Olring clapped his hands so loud that Beni jumped a foot in the air. Only the crackling fire filled the silence as the listeners awaited what was to come next.
“Our great lord struck forward with his mighty hand and shattered the giant’s toe. Gorgul yelped and grabbed his foot, hopping up and down. The pain-filled dance quaked the earth and thrust the mountains to the south up into the sky.” Olring grabbed his foot and leaped into the air to mimic the giant’s dance. The children laughed until he raised his hands to quiet them. “Gorgul would not accept defeat so easily. And from the Bristles he yanked his mighty black axe, Thromgril, hewn from the bowels of Astarath, and launched a deadly blow at our lord.”
A stick materialized in Olring’s hand as he made a wide arcing strike towards the fire. It struck the pyre, sending sparks dancing into the night sky. It was a simple sight that all of them had seen a million times in their life, but something about this evening made every spark seem magical. It was as if they were truly seeing the axe Thromgril striking toward their God.
“Once again, our lord strode unbothered by the assault. Thromgril blotted the sun from the sky. Thromgril caused the ground to shake. Thromgril forced mountains to spit fire hundreds of leagues from Vulkinor. But, Thromgril missed. Our Lord stepped aside with ease from the clumsy attack. Valkir, our lord, pulled his mighty axe and struck down onto the arm of the monstrous Gorgul. Gorgul screamed in pain as his arm sailed into the sky and disappeared over the horizon. Only the sound of shattered ice revealed the truth of its whereabouts, for it traveled to the icebound sea to the west, shattering the frigid waters and formed the Ice Broken Bay. Steam rose from the ice as Gorgul’s fiery flesh melted into the frosty bay. The steam turned to rain. And the rain poured down upon the lands of Vulkinor.”
Olring took a breath as he eyed his captive audience. Beni found himself unable to look away. He had heard the stories of their god. He had grown up on his legends but never had he heard it in such detail. Even the adults, many of which themselves had never attended a Feast of the Elders, looked on with an unbreaking steadfast stare. A man with a long beard and two axes draped across his back reached over to hand Olring a leather pouch. Olring grinned at the man and took a long draft before tossing it aside. He approached the fire in a low crouch.
“Our great lord strode forward again. The giant, his foot broken and his arm missing, continued his defiance. His black blood rained into the Bristles. That dark ichor would fester. From that festering blood would grow the dreaded creatures that lurk within its shadows to this day. Gorgul roared into the sky, flames shot forth from his tusked mouth, and he chomped down towards our lord.”
Olring made a wide arcing chomp with his hands over the fire. From Beni’s angle, it appeared as if the fires raged from between his makeshift teeth and jaws. Even though it was only a story, told by a man, something deep inside Beni shivered. It scared him, even though he knew his Lord would win in the end.
“Steam rose from the monster as the rains filled his nostrils and mouth. A thick, hot steam blanketed the land. When you young ones wake in the morning, you see a mist, that mist is the remnants of the fog that draped the lands from the Ice Broken Bay to the Sea of Xama. The ground shook from the giant’s stamping. The rains made the lands slick and muddy. And the steam from the giant’s doused flames hung thick and blinded our lord. The monster’s bite was true and his foul maw wrapped around Valkir. Gorgul gnashed back and forth and wrenched our lord’s axe from his hands. He was in his greatest peril. Only his hands pressed against the roof of the vile giant’s maw kept him from being devoured. And without his mighty axe Grandil,” A roar went up among the men as he mentioned their lord’s axe. “it was only a matter of time before he fell.”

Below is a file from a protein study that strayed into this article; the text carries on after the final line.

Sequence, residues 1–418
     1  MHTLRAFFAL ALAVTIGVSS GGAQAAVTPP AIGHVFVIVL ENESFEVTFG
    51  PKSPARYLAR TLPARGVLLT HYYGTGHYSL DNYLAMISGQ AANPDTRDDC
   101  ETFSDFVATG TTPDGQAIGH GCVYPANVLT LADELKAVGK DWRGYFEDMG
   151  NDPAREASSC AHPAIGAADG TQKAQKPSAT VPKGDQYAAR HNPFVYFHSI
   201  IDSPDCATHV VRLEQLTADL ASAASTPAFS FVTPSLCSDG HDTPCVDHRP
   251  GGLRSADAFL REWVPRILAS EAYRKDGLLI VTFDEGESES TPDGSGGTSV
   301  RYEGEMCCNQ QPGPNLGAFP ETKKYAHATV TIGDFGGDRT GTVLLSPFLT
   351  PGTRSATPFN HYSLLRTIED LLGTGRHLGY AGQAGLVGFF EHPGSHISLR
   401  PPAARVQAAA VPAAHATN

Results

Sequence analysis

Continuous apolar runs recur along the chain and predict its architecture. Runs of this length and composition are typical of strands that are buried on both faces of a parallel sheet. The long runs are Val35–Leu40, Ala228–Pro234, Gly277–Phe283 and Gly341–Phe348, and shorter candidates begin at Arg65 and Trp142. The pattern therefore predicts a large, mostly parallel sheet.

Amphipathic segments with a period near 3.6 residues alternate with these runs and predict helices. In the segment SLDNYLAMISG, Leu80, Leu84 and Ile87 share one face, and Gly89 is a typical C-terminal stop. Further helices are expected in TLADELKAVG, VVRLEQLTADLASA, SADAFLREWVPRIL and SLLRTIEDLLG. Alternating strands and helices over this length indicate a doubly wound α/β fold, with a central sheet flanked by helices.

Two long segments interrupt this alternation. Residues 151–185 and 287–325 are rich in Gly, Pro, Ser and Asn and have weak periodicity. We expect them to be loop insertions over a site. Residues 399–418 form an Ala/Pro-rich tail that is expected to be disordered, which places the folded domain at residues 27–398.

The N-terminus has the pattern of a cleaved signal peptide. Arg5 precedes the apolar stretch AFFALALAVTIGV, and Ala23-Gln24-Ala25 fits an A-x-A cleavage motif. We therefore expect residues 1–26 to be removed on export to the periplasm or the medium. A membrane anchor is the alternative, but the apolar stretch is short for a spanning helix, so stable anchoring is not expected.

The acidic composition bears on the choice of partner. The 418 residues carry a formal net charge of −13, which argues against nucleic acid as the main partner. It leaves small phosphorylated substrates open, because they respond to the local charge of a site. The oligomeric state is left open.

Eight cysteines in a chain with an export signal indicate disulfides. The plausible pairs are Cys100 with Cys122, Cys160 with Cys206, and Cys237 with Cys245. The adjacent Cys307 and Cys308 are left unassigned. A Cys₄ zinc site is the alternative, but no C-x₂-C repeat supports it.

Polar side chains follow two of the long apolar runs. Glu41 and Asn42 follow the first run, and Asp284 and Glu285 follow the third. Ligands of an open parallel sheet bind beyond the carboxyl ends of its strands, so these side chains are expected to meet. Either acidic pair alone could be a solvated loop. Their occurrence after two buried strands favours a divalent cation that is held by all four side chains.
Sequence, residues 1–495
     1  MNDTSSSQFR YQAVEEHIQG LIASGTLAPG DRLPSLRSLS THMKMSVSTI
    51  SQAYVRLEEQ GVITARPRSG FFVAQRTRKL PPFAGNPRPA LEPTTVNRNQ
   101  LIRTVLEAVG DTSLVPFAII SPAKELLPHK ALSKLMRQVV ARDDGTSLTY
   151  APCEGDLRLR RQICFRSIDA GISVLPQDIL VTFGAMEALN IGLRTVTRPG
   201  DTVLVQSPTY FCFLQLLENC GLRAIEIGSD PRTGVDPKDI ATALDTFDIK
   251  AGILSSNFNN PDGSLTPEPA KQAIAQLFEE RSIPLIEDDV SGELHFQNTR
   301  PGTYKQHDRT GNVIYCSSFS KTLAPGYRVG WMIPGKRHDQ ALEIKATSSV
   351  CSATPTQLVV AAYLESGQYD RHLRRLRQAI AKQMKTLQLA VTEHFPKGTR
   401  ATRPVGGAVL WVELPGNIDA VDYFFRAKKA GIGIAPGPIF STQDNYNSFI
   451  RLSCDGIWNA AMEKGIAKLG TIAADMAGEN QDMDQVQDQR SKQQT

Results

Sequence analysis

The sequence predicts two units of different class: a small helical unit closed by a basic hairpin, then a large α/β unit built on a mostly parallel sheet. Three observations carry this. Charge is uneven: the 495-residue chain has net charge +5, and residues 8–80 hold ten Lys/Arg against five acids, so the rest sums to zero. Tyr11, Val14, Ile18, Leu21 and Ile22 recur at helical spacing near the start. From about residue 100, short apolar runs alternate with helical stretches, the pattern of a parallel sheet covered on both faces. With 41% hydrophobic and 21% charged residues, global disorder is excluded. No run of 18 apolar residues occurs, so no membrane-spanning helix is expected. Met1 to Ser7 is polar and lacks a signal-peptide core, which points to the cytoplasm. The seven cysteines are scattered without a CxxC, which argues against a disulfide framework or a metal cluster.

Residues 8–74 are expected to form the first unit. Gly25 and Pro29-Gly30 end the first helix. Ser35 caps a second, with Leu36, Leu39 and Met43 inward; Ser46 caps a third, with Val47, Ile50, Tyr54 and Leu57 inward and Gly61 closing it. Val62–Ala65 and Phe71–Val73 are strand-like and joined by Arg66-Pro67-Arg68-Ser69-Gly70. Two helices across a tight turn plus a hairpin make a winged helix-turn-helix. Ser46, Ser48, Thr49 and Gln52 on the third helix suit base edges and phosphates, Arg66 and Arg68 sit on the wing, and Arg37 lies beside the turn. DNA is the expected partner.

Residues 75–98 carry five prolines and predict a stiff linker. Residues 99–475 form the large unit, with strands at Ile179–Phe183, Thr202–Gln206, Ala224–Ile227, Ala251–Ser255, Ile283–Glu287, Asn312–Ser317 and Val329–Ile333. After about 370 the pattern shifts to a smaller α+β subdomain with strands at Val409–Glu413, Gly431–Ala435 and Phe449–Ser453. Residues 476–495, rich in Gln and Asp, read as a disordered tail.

Blood pooled on Beni’s lip where he had bitten it. His eyes were dry from staring into the fire for so long without blinking. The familiar metallic taste touched the tip of his tongue as he licked it away, and he blinked his eyes to wet them during the hiatus of the tale. Impatient, Beni wanted to know how his lord escaped this peril.
“As hard as it is to believe, our lord did tire. His arms ached from the pressure of the giant squeezing down with all the might of his jaw. He could feel his legs quake, and the wind left his body! He would die here and now and we the people of Vulkinor would suffer at the hands of these vile creatures for all eternity.” Olring said with his head hung low and his shoulders slunk down.
The fire seemed to dim at his words. A darkness hung over the great tribes of the Valkinir people. A dire sadness took the men. A fear shook the children. All broken by Olring’s next words.
“Alas!” Olring sprung up, shouting so loud that Beni’s ears rang. “Our lord did not despair. He did not quit. A break in the clouds that brought the endless rain opened up and shined the glorious moon into the maw of the beast. In that dim light, our lord’s axe shone embedded in the tongue of the vile Gorgul. He relaxed his aching arms, and released his shaking legs, and rolled through the mouth of the giant. Valkir snatched his axe from where it lay and dove deeper into the creature’s noxious throat and brought the axe down into its soft flesh. Grandil sliced through with ease and our lord burst forth from inside!” Olring slashed downward with his hands and then spread his arms wide as if he were Valkir emerging from within the creature. “He then spun in the air, making a wide arc with Grandil and cut through flesh, and muscle, and bone. The crack of Gorgul’s demise echoed to the corners of the world. The great terror that was Gorgul died as his massive head sailed through the sky, coming to rest deep in the Smoking Mountains to the south. One can still see the smoke from his mouth snake down the mountainside as a reminder of our lord’s devotion to us.”
Olring lowered his head to honor the Elder. Their Lord. Their God, Valkir.
“The giant’s headless body stumbled away and plummeted to the ground far from our lord. His body became the Hills of Valkir. Remember this: the next time you clamber upon those rolling hills you walk upon the bones of the wretched giant that tried to defeat our lord.”
“Our lord, exhausted, but unbeaten continued forward. He strode for another day and night before coming to another obstacle. Not a giant, but something equally fierce. The Bristles River stood before him. Not the calm river we know today, but raging, roaring rapids tearing through the land. And within it an ancient demon waiting to devour his next victim.”
Olring took a breath and did not continue the tale. Beni relaxed his muscles, which had been tensed for some time. He released his jaw again and released the rigidity from his arms. He wanted more!
The call for the first meal of the feast pulled all of their attention from Olring. Beni stood, disappointed. It was not food that he was ravenous for. But he would have to wait.
*** TO BE CONTINUED IN PART 2 – THE RIVER ***